Different from applications like image labeling, where the label of each pixel or patch level image region is given, in image classification, there is no intermediate labels except the overall image-level label. Thus, Equation 2 (corresponds to HSRN) or Equation 9 (corresponds to HLSTM) cannot be directly applied. To connect the hierarchical recurrent layers (Equation 24) to the image labels, fully connected layers are introduced to merge the information learned by different scales of HRNNs:


where is the fully connected transformation matrix to transform the HRNNs output to the global hidden layer . is the concatenation of HRNN layer outputs () at different scales. For each scale, is the concatenation of all its hidden element expressions (, , and are the number of rows and columns at the scale respectively). is learned to connect with the class label , and are the bias terms. is a non-linear activation function (ReLU is used in this manuscript), and is the softmax function for classification.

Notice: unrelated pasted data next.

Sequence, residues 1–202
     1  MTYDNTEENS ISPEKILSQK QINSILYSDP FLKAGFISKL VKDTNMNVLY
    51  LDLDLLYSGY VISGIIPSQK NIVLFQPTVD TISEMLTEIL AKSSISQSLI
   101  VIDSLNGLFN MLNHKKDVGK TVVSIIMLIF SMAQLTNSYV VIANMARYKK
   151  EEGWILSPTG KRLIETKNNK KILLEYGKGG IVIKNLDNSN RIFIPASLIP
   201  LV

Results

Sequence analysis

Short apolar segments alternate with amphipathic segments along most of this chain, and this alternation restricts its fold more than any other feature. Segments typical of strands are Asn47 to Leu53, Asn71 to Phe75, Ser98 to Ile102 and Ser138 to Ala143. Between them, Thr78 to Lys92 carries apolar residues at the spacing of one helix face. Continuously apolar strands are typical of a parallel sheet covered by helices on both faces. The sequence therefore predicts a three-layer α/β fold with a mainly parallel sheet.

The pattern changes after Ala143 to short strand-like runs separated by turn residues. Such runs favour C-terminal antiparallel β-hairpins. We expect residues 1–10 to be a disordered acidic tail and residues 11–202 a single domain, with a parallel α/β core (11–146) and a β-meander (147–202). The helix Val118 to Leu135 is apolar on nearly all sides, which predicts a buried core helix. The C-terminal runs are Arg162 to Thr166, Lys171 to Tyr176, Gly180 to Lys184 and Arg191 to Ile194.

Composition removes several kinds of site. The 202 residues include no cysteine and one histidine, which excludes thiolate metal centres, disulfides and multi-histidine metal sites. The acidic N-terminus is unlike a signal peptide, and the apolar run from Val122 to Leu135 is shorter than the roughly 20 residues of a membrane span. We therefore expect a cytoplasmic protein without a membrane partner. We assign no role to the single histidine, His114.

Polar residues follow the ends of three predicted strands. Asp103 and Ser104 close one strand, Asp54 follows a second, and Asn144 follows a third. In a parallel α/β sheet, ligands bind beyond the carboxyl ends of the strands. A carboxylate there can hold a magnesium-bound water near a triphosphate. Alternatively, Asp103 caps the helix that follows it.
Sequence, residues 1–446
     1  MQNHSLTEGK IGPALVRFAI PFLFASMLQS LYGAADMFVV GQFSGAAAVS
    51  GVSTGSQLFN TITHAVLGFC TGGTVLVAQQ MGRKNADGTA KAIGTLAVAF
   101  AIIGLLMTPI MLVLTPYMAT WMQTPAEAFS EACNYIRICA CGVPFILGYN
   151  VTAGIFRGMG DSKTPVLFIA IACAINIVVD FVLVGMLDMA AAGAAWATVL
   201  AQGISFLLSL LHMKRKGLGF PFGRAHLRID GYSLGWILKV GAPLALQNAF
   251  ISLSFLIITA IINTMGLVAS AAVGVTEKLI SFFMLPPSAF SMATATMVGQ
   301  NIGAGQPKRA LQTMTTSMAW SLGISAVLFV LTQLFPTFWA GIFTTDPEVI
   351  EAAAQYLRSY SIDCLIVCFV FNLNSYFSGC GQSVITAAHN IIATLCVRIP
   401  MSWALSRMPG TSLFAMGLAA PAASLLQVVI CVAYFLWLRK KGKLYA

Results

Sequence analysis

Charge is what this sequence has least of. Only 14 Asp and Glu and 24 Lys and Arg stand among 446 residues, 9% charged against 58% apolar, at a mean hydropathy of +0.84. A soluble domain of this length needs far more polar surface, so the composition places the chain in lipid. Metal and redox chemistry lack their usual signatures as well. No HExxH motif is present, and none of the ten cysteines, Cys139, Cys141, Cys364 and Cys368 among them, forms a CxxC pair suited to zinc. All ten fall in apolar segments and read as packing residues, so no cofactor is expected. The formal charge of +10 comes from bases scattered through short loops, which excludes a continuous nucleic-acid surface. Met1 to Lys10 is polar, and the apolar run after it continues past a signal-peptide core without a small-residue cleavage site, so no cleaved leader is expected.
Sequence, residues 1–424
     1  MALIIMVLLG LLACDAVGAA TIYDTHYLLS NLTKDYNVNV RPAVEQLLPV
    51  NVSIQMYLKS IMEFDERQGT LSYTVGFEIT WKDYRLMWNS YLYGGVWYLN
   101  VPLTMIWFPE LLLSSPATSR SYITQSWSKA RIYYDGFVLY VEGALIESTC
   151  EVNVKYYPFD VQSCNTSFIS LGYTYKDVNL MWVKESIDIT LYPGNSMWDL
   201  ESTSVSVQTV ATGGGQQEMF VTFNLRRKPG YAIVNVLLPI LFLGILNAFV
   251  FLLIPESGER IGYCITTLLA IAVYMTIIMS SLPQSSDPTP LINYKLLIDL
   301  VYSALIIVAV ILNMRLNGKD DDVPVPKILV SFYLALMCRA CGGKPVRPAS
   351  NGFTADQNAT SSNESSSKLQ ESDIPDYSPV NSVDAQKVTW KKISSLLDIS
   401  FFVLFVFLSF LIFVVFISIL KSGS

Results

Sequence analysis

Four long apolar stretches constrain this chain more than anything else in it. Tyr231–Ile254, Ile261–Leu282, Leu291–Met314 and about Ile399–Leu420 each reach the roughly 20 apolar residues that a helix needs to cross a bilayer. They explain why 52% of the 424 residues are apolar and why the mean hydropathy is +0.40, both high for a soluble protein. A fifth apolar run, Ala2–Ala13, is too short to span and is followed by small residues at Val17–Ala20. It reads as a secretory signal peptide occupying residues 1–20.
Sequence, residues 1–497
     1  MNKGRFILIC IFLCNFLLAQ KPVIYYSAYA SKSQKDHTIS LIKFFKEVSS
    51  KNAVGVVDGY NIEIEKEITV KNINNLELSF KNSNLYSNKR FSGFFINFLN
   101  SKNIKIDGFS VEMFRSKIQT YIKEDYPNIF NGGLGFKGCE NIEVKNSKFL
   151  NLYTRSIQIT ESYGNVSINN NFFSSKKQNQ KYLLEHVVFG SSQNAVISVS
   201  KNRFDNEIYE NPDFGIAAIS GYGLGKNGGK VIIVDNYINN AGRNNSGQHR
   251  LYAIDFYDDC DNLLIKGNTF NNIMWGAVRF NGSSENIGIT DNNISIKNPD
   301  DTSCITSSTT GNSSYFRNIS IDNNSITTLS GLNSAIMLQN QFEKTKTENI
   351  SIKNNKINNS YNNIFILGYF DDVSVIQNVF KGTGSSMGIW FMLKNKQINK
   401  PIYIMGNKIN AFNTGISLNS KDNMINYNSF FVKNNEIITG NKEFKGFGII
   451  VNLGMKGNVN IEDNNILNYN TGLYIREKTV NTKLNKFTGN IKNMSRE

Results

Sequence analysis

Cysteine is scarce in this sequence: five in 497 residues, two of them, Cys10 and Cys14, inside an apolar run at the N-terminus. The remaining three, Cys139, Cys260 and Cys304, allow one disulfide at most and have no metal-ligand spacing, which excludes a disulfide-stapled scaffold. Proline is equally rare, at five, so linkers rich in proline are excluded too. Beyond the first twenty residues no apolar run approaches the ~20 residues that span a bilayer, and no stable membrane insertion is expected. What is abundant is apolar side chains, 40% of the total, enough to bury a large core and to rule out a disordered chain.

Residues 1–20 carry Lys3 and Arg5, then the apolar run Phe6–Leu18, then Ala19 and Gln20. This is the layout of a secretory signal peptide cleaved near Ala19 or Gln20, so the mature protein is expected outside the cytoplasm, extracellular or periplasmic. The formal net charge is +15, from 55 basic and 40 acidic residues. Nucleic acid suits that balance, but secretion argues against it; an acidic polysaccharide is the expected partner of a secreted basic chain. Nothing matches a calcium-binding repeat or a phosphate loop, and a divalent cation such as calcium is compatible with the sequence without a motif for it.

Iv Experiments

In this section, detailed network settings of our end-to-end C-HRNNs are firstly introduced. Next, C-HRNNs are compared with other popular methods on four challenging object/scene image classification benchmarks: ILSVRC 2012 [52], Places 205 [3], SUN 397 [53], and MIT indoor [54]. Afterwards, effectiveness of different modules of C-HRNNs is analyzed, C-HSRN and C-HLSTM are compared in detail.

Iv-a Experimental Settings

Models conv1 conv2 conv3 conv4 conv5 hrnn6 fc7 fc8

st. 4, pad 0

LRN, x2 pool
map 27x27
st. 1, pad 2
LRN, x2 pool
map 13x13
st. 1, pad 1
map 13x13
st. 1, pad 1
map 13x13
st. 1, pad 1
x2 pool
map 6x6